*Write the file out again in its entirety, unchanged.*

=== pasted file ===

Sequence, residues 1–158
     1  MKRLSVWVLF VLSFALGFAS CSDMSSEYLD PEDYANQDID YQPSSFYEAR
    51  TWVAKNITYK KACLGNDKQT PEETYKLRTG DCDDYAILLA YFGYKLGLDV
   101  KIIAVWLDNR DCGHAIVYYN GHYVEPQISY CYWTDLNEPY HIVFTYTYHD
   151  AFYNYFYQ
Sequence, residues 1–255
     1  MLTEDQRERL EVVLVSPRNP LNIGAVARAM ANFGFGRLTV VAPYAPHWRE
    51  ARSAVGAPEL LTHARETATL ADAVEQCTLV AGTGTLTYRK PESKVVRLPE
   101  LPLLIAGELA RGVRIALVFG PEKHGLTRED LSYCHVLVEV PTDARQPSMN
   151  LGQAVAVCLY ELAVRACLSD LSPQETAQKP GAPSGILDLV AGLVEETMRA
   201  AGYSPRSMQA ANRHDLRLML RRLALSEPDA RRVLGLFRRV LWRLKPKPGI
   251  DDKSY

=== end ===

Sequence, residues 1–158
     1  MKRLSVWVLF VLSFALGFAS CSDMSSEYLD PEDYANQDID YQPSSFYEAR
    51  TWVAKNITYK KACLGNDKQT PEETYKLRTG DCDDYAILLA YFGYKLGLDV
   101  KIIAVWLDNR DCGHAIVYYN GHYVEPQISY CYWTDLNEPY HIVFTYTYHD
   151  AFYNYFYQ
Sequence, residues 1–255
     1  MLTEDQRERL EVVLVSPRNP LNIGAVARAM ANFGFGRLTV VAPYAPHWRE
    51  ARSAVGAPEL LTHARETATL ADAVEQCTLV AGTGTLTYRK PESKVVRLPE
   101  LPLLIAGELA RGVRIALVFG PEKHGLTRED LSYCHVLVEV PTDARQPSMN
   151  LGQAVAVCLY ELAVRACLSD LSPQETAQKP GAPSGILDLV AGLVEETMRA
   201  AGYSPRSMQA ANRHDLRLML RRLALSEPDA RRVLGLFRRV LWRLKPKPGI
   251  DDKSY